Lincoln's Bishop: A President, a Priest, and the Fate of 300 Dakota Sioux Warriors Hardcover – 27 May 2014
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Title: Lincoln's Bishop( A President a Priest and the Fate of 300 Dakota Sioux Warriors) <>Binding: Hardcover <>Author: GustavNiebuhr <>Publisher: HarperOne
Top Customer Reviews
That man was Benjamin Whipple, Bishop Whipple of the Episcopalian Church, and he had long been an advocate of 'Indian affairs', outraged by the corruption and abuses of the Indian agents he saw cheating, lying and abusing the tribes on the reservations under their care, the deception and broken promises of the federal government. He foresaw that once the starving, dispossessed and desperate tribes reached rock bottom, there was no telling what could, and eventually did, occur. For years he petitioned the public and politicians, his neighbours and fellow clerics, agitating for reform of the Office of Indian Affairs, the removal of corrupt agents, the prompt payments of annuities promised to the tribes, who had no other means of support. After the uprising, he again went to work on the tribes' behalf, petitioning Abraham Lincoln to commute the death sentences of some 300 Native Americans, sentenced to death for their part in the 'war', some of whom were undoubtedly guilty, but many of whom had taken no part or had risked their own lives to save whites.
This is a short book, but then it was a brief and relatively disregarded episode of American history.Read more ›
Most Helpful Customer Reviews on Amazon.com (beta)
Niebuhr writes like a journalist, and he spent nearly the first half of the book setting the stage and introducing the major players (President Lincoln, Chief Little Crow, and Bishop Whipple). There were times I struggled to maintain interest, even in light of the mistreatment of Indians. But then hostilities escalated to warfare between the Sioux and the white settlers, and the story grabbed me by the guts. Indian tactics were gruesome, and half the state of Minnesota fled in terror. Tales of horrific massacre grew like gossip. Niebuhr presents both sides of the story, which is far from clear and hardly guiltless on either side. When the dust settled, 303 Indian warriors stood ready to be hanged, and public opinion was ready to lynch any others who remained.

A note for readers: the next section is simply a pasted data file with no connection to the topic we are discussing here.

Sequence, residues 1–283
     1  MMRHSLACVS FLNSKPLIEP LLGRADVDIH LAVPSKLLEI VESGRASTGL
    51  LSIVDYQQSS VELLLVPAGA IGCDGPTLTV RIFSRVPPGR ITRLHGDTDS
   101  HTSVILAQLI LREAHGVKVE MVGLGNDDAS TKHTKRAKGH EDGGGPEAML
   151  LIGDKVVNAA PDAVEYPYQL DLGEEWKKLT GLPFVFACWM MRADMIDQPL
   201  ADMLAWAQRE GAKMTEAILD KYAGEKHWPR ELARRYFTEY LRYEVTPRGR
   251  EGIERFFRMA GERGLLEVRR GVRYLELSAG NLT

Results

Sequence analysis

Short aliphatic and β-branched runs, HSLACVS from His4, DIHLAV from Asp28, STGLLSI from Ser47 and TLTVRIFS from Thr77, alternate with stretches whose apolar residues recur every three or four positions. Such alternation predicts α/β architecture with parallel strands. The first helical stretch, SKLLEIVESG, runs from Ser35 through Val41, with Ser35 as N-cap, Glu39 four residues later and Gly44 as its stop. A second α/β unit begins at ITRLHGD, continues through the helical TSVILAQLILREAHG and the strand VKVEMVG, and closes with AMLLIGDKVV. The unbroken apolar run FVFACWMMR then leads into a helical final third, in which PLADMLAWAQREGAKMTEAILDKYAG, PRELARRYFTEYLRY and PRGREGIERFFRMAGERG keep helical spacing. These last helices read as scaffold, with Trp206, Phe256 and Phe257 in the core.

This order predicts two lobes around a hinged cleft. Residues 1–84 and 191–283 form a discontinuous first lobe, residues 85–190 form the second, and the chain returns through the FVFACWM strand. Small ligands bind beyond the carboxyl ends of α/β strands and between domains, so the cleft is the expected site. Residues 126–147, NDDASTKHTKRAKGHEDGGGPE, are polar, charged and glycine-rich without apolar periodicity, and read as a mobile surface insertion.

Enter Bishop Whipple, an Episcopal minister who took the side of the Indians. But what could Whipple accomplish against strong public opinion? How could he capture the ear of a distant President (Lincoln) whose attention was more strongly focused on civil war? What would be the fate of the 303 Indians, and hundreds of others who coexisted peacefully or–even more astounding–risked their lives to save white men, women and children during the war?
This is a story of out-of-control greed, human limits when backed against a wall, and the ugliness that results … plus one man’s determination to apply Christian principles where humanity could only fail. Highly recommended.
HarperOne, © 2014, 210 pages
Lincoln's Bishop: A President, A Priest, Ant the Fate of 300 Dakota Sioux Warriors, Gustav Niebuhr, Harper One/Harper Collins Publishing, 210 pp., four b/w images, bibliographic notes, bibliography, index, $26.99.
The Dakota War of 1862 began on August 17 in southwest Minnesota and ended with the mass execution of 38 Dakota tribe warriors on December 26, 1862. Throughout the late 1850s, treaty violations, unfair annuity payments and bureaucratic corruption by Federal government agents caused destitution and starvation among the Dakota tribes.